Last Wednesday was hot and sunny, early on the Warblers were showing well at Minsmere but late morning it got busy and hot so I went to North Warren in the hope of seeing Hobbies again. Here's what happened.
At Minsmere a Reed Warbler popped up in a bush right in front of me.
Singing Sedge Warbler.
Another Reed Warbler.
Common Blue Damselflies, I think.
Experimenting with semaphore.
4 Spotted Chaser
Bird's Foot Trefoil
Then off to North Warren to look for Hobbies
Sedge Warbler heading to it's nest.
4 Spotted Chaser just taking off.
From the hide where I've seen Hobbies before I was lucky to look down at water at the right moment.
A Grass Snake, about 3 to 4 feet long came out of the reeds. The water is covered in seeds from nearby trees.
Then it made it's way back into the reeds.
On the way back to my car, sadly the best part of 2 miles away on a very hot afternoon, I saw my first Black-tailed Skimmer.
Then another 4 Spotted Chaser.
On technical point for this and the last picture I pushed the ISO up to 3200, even though it was in full sun, to get get a shutter speed of 1/5000 sec to try and freeze the wing motion and used F8 to increase the depth of focus. I'm very pleased with the lack of grain at that ISO, to be fair the pictures have been processed in DXO Photo Lab 4 which does a great job of reducing high ISO noise.
Then one of those what are those people ahead of me looking at moments, a Fox in a field of Konik Ponies
All in all, well worth the long hot walk.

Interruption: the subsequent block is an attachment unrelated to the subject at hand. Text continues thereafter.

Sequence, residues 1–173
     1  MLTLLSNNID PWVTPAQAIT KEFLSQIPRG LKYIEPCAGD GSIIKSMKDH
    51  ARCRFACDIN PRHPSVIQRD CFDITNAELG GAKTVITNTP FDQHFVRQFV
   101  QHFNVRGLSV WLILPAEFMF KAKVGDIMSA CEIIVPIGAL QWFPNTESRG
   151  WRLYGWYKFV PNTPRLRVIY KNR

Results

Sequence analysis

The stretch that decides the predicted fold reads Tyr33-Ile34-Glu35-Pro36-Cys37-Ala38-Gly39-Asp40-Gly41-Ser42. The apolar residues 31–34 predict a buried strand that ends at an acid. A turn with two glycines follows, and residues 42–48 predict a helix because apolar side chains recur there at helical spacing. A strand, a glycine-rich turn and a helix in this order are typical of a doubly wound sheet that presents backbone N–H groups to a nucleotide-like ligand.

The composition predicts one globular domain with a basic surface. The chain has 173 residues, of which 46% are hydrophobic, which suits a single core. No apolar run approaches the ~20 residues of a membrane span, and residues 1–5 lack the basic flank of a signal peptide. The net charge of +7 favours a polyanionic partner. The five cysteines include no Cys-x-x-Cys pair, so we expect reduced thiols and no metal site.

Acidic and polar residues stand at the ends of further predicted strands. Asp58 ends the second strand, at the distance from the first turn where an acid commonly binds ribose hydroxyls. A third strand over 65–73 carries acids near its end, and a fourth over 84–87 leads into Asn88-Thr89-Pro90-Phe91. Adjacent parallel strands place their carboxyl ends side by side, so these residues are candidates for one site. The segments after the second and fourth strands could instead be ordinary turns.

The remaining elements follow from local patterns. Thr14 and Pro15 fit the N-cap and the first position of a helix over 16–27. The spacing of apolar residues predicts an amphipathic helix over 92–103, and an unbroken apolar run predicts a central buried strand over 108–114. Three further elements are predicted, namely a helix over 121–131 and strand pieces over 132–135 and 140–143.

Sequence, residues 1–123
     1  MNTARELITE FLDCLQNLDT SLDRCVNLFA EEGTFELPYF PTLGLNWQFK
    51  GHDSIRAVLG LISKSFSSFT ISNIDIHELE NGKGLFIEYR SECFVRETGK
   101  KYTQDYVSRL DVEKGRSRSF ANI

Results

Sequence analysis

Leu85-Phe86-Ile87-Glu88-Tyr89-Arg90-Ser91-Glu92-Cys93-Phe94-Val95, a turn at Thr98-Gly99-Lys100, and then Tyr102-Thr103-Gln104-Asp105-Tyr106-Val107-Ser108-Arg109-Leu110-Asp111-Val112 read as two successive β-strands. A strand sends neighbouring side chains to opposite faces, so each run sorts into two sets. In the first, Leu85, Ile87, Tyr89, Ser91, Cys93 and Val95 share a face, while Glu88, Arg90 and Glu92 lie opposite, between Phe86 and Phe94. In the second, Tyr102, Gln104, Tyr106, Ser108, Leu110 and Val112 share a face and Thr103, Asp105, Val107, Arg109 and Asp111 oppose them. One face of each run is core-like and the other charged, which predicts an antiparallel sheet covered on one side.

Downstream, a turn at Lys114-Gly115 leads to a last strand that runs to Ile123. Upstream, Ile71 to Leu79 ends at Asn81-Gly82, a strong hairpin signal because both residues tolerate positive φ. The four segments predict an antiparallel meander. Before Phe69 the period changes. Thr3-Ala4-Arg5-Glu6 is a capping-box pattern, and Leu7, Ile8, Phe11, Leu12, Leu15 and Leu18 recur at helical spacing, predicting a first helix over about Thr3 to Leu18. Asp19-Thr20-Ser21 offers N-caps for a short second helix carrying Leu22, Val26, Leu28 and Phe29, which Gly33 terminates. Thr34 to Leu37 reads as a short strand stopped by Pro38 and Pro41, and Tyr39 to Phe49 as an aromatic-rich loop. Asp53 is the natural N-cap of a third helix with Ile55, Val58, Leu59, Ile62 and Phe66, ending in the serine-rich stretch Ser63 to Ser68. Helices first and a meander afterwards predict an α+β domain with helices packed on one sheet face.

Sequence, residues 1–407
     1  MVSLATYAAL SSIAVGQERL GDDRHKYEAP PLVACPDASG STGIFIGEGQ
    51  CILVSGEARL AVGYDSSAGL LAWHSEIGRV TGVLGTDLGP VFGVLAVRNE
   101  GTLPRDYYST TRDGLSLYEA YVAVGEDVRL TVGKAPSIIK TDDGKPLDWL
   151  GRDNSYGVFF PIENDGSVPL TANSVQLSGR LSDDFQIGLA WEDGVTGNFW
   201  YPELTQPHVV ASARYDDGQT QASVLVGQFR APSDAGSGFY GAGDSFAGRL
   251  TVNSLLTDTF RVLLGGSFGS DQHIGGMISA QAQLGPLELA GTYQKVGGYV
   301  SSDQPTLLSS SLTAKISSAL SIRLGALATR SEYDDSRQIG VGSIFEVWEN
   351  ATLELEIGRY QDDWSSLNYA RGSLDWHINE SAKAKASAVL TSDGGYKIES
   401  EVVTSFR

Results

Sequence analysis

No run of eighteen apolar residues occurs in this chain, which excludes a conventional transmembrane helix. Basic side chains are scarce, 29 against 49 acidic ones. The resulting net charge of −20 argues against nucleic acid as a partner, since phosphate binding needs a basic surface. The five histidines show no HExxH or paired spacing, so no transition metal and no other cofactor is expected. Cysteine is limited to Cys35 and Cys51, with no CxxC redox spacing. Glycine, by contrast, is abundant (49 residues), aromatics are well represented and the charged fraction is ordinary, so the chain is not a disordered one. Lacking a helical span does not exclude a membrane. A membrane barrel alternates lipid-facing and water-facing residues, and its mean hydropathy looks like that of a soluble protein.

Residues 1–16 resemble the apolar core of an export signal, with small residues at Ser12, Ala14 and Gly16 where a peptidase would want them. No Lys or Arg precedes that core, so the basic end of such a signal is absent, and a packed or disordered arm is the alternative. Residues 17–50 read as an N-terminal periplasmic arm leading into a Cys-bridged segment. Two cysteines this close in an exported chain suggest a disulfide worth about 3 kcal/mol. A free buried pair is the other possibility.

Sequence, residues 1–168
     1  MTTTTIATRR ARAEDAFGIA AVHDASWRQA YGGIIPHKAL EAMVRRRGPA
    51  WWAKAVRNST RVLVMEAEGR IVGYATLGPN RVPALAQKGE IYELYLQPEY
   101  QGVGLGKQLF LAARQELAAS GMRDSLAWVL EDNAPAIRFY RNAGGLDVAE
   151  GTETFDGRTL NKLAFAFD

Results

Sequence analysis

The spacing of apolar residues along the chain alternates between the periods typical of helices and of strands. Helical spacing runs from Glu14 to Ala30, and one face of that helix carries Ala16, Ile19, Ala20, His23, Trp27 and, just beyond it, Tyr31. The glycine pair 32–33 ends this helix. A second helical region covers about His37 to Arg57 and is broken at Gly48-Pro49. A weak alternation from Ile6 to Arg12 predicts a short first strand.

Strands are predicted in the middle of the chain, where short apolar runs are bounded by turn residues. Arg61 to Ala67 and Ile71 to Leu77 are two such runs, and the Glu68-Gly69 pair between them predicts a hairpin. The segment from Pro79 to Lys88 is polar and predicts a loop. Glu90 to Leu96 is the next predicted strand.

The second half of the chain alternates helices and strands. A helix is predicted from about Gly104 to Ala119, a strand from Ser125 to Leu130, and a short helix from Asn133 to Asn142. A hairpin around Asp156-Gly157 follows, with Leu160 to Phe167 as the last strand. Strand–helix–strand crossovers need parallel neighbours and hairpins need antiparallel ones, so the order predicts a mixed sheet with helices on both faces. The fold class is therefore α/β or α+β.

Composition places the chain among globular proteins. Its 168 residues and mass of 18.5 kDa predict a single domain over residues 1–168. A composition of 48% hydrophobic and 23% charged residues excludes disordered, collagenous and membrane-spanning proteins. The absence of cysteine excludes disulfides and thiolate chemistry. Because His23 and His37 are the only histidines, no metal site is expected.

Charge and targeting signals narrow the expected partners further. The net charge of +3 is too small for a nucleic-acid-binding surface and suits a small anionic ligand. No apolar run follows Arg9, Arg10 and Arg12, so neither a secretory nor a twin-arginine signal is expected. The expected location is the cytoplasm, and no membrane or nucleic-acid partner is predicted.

All the best
"Each kindness shown to birds or men is sure to flutter back again"
Lot to learn
All the photos are brilliant, I love that stonechat in flight, and the sedge warbler with the families lunch, brilliant, and definitely worth the long hot walk for us as well as you (he he heee).
Flickr Peak Rambler
I always find it interesting looking at what people choose as their favourite shots from my pictures and the variation of choices. Nobody has mentioned my favourites from this selection, the swimming grass snake. I've never seen a live adult in the open before, sadly I've seen one or two dead ones, and the shot I've always wanted was one swimming. I have seen little bootlace Grass Snakes in our compost heap and sunbathing Adders at Minsmere.
Bootlace Grass snakes in the compost heap in August 2019.
Three Male Adders sunbathing in February 2020, building up testosterone for the spring.
Many thanks for your positive comments.
Birding is for everyone no matter how good or bad we are at it,enjoy it while you can
The Fox & Konik, I like it.
Another set of fabulous photos Trevor. The fox is looking good and healthy, and as always, I love the bird with insect(s) in beak(s), but you can't escape the chance snapping a pic of a snake....
I was trying to ascertain whether those damselflies were mating, or the front one was just resting its tail on the other. My guess, resting its tale, because females tend not to be blue, but I could easily be wrong. Whatever, it was still a good clear photo.
In reply to Mike B:
In reply to TJS:
TJS said:Thank you Mike,
I'd done the same, look them up, and came to the same conclusion. Generally, when mating the female curls up, but that may be at the point she is ready to release the eggs, I don't know.
It doesn't detract from the fact they're good photos.
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